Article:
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Colette Bancroft, Times Book Editor

Colette Bancroft

Colette Bancroft is the book editor of the Tampa Bay Times. She joined the Times in 1997 and has been a news editor, general assignment features writer and food and travel writer, as well as a frequent contributor of reviews of books, theater and other arts. She became book editor in 2007. Before joining the Times, Bancroft was a reporter and editor at the Arizona Daily Star in Tucson and an instructor in the English departments of the University of South Florida and the University of Arizona. Bancroft grew up in Tampa.

Phone: (727) 893-8435


  1. Michael Connelly to sign books in Tampa


    When author Michael Connelly appeared at the Tampa Bay Times Festival of Reading in November, he spoke before an enthusiastic, standing-room-only crowd — one of the biggest he's ever had, he said.

    The downside of that: Copies of his terrific new novel, The Wrong Side of Goodbye, sold out so fast that many fans who had hoped to have him sign the book weren't able to buy one....

  2. Review: 'Krazy' a rollicking, revealing bio of comics artist George Herriman


    In a surreal desert landscape, a tiny white mouse throws a brick at the head of a black cat. On impact, the cat lifts lightly off the ground, hearts floating in the air above its lovestruck head.

    That image, and the story it suggests, might sound slight. But it was the heart and soul of Krazy Kat, a tremendously influential comic strip that ran for more than 30 years at a time when newspaper comic strips were among the most popular American art forms....

  3. Notable: Books about making 'Moana,' 'Fantastic Beasts,' 'Star Wars'


    Behind the scenes: Three new books about the making of beloved movies might be welcome gifts.

    The Art of Disney Moana (Chronicle) by Jessica Julius and Maggie Malone lavishly illustrates how artists developed settings and characters — including their clothes, hairstyles and tattoos — for the animated film set in the South Pacific.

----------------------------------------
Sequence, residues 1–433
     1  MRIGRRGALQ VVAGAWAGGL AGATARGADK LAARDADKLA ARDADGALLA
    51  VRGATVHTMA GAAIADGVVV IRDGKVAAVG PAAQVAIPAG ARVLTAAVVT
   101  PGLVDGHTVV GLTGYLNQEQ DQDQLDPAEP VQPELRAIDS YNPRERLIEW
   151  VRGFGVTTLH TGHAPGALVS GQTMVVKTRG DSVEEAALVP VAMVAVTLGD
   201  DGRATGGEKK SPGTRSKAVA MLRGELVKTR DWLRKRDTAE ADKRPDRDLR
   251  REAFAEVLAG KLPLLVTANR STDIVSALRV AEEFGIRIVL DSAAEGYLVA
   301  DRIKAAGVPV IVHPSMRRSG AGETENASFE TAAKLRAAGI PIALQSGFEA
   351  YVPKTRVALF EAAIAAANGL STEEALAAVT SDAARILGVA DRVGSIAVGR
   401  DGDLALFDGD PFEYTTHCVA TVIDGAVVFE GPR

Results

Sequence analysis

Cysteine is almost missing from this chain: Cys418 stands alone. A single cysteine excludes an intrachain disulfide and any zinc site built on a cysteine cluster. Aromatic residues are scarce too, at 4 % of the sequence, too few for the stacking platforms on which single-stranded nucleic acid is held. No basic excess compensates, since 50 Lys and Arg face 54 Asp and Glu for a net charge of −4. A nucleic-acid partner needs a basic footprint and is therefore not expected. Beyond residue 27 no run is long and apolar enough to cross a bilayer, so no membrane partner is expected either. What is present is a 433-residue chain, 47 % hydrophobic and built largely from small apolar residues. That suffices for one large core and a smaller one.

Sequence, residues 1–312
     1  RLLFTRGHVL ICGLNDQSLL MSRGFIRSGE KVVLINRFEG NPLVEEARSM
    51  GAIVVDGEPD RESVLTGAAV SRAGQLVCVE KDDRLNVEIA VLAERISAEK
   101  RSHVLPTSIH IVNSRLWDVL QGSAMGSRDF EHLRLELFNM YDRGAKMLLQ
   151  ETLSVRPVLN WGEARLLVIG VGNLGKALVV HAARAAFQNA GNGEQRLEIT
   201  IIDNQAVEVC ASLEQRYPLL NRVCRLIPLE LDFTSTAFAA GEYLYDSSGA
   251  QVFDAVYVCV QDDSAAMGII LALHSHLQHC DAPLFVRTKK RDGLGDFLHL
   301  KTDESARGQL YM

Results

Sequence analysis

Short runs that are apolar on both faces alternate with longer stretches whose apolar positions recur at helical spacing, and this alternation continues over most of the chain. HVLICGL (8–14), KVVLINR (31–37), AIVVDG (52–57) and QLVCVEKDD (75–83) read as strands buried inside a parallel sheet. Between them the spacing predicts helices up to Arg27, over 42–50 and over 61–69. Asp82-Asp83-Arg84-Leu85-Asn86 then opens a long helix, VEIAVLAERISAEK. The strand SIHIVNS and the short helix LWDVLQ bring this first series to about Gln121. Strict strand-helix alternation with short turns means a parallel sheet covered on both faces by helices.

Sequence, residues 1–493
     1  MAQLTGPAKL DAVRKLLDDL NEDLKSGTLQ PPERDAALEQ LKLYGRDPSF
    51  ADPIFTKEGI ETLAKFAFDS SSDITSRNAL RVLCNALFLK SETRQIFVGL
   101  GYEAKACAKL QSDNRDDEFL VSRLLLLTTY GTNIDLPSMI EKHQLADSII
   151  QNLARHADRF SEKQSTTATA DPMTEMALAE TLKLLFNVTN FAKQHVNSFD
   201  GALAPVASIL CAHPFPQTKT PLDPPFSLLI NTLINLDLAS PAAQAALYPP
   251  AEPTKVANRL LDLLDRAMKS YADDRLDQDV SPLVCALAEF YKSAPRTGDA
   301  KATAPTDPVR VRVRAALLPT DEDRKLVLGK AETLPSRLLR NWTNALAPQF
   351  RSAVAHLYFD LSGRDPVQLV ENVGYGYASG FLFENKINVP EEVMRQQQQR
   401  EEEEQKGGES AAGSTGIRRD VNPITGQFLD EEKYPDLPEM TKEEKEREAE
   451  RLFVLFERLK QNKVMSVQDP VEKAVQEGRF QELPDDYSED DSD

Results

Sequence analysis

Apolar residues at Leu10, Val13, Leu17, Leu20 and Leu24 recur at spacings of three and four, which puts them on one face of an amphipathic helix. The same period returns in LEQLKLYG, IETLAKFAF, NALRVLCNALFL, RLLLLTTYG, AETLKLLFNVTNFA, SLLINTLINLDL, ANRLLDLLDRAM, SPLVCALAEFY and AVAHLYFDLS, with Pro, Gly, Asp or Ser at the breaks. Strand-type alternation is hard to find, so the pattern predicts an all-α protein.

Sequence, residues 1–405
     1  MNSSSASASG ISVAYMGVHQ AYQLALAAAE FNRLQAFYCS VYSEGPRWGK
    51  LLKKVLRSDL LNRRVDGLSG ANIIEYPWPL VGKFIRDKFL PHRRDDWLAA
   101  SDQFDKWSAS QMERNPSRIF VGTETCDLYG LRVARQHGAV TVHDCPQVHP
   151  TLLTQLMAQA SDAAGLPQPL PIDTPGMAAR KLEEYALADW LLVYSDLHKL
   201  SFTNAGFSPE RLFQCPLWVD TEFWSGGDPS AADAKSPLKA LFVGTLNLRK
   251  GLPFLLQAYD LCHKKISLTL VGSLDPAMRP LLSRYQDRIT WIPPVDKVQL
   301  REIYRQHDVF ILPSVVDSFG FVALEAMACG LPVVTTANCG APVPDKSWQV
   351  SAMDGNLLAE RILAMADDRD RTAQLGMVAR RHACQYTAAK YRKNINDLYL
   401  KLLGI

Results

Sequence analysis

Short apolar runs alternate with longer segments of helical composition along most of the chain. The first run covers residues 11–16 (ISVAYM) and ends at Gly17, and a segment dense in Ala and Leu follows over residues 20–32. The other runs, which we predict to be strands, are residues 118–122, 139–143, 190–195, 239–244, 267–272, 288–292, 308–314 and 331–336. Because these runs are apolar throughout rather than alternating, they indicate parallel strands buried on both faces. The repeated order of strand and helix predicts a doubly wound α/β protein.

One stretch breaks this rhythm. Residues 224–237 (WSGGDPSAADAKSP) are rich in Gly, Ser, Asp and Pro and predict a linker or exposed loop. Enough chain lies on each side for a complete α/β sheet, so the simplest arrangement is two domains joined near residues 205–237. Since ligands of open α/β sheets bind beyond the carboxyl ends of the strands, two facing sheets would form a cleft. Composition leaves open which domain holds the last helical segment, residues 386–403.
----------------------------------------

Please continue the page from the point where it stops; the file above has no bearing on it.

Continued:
Newt Scamander: A Movie Scrapbook (Candlewick Press) by Rick Barba explains how many of the special effects in Fantastic Beasts and Where to Find Them were created, using photos and pullout trading cards, maps and other goodies....

  4. Events: Valentine to sign 'Caicos Conspiracy' at Haslam's


    Book Talk

    Local author William Valentine (Caicos Conspiracy) will sign his latest mystery novel at 2 p.m. Dec. 11 at Haslam's Book Store, 2025 Central Ave., St. Petersburg.

    Local author Diane Sawyer (The Tell-Tale Treasure) will discuss and sign her mystery novel at 2 p.m. Dec. 15 at Mirror Lake Community Library, 280 Fifth St. N, St. Petersburg.

    Events are free unless otherwise noted. To place an item in Book Talk, send author's name, book title, appearance time, date, venue name and address, admission cost (if any) and a contact phone number to (with "Book Talk" in subject line) or Colette Bancroft, Tampa Bay Times, P.O. Box 1121, St. Petersburg, FL 33731. Deadline is 14 days before publication....

  5. From Hamilton to Dylan to women in history, gift books with content